As the Rev. Freeman puts it, “This girl has gone mostly unnoticed in the 2000 years since she rather briefly appeared in scripture. Yet she symbolizes the heart of the Gospel: that those without power or status or even name are particularly beloved by God, and have a great role to play in the world’s redemption.”

The same theme of slavery, profit to be made on human beings, was part of our story in America too. And yet, there were those who in the midst of such a sinful practice who by their life, were God’s surprise agents and played a role in America’s redemption & helping set people free.

I think about the abolitionist who will be on the front of the new $20 bill.

Harriet Ross Tubman was born in 1820 in Maryland. “She was deeply impressed by the Bible narrative of God's deliverance of the Israelites out of slavery in Egypt, and it became the basis of her belief that it was God's will to deliver slaves in America out of their bondage, and that it was her duty to help accomplish this. In 1844, she escaped to Canada, but returned to help others escape. Working with other Abolitionists, chiefly white Quakers, she made at least nineteen excursions into Maryland in the 1850's, leading more than 300 slaves to freedom. During the War of 1861-5, she joined the Northern Army as a cook and a nurse and a spy, and on one occasion led a raid that freed over 750 slaves. After the war, she worked to shelter orphans and elderly poor persons, and to advance the status of women and blacks. She became known as "the Moses of her People.” (James Keifer)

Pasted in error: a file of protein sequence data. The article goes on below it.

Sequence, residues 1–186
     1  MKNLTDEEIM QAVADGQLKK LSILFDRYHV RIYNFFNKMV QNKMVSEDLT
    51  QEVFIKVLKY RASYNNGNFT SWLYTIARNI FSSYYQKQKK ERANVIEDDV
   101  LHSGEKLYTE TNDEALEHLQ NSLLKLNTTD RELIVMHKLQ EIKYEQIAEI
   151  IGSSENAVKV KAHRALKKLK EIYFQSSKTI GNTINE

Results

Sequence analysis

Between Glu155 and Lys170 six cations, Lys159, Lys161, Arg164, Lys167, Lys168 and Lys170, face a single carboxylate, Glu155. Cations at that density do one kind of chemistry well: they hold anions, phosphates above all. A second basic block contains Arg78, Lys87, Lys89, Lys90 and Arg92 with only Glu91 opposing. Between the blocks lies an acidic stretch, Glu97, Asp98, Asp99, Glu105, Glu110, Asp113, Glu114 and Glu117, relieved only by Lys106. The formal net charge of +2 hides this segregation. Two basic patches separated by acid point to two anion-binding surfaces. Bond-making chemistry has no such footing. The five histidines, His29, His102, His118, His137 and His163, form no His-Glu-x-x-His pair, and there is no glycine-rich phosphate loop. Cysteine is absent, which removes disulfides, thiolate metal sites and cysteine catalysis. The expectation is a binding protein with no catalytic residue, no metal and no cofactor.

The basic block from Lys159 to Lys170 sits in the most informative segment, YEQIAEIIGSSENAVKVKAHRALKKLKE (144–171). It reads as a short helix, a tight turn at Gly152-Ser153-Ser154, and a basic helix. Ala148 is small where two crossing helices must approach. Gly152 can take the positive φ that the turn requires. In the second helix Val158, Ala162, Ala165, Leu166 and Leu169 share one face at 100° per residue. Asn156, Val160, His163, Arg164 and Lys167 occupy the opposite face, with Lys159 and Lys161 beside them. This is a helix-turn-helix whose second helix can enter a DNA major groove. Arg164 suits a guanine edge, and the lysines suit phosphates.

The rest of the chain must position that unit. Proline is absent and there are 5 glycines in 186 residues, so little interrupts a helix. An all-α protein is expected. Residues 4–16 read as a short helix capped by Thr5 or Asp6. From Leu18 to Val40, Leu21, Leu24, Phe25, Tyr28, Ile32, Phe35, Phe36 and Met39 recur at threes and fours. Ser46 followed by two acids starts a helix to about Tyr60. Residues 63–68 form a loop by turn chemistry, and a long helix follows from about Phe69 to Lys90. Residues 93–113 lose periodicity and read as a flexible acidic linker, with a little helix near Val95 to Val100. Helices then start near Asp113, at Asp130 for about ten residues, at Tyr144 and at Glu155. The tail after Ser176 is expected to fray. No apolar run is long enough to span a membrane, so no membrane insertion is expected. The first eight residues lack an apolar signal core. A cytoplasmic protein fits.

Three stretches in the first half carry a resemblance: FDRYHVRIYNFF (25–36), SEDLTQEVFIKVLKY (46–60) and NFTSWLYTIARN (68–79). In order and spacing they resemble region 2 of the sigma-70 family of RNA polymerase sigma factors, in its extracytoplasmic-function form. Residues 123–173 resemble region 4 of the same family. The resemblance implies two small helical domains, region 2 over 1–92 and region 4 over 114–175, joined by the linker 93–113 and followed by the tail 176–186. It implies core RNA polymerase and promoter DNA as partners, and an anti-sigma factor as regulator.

She died in 1913. This is one of her quotes: “But to this solemn resolution I came; I was free, and they should be free also; I would make a home for them in the North, and the Lord helping me, I would bring them all there. Oh, how I prayed then, lying all alone on de cold, damp ground; 'Oh, dear Lord,' I said, 'I ain't got no friend but you. Come to my help, Lord, for I'm in trouble!'”

Such a faithful witness and abolitionist. We remember her on July 20 on our calendar of saints.

God’s surprise agents; “those without power or status or even name are particularly beloved by God, and have a great role to play in the world’s redemption.”

On this 7th Sunday of Easter, as we remember & celebrate the Ascension of Jesus, Jesus departure from the disciples after the Resurrection, his ministry is entrusted to them, their God given calling.

And they would go out and proclaim just as the slave girl helped Paul & Silas do that; as Harriet Tubman helped those enslaved and so many others.

On this day, Jesus calls us to continue his work — work that has been vindicated and perfected in the Father’s raising him from the dead. We who have seen and heard the story of Jesus are now called to bring that hope into the lives of others and into the life we share as families, as the Church, as the human community.

We have a role to play in the world’s redemption! For in every kindness we offer, in every word of encouragement and comfort, in every moment we spend listening and supporting and helping set people free, we proclaim the salvation of the Risen Jesus.

Our calling is clear, for every good work that we do — however small or hidden — is a sign of Christ in our midst and another step towards that glorious liberation of us all. Amen.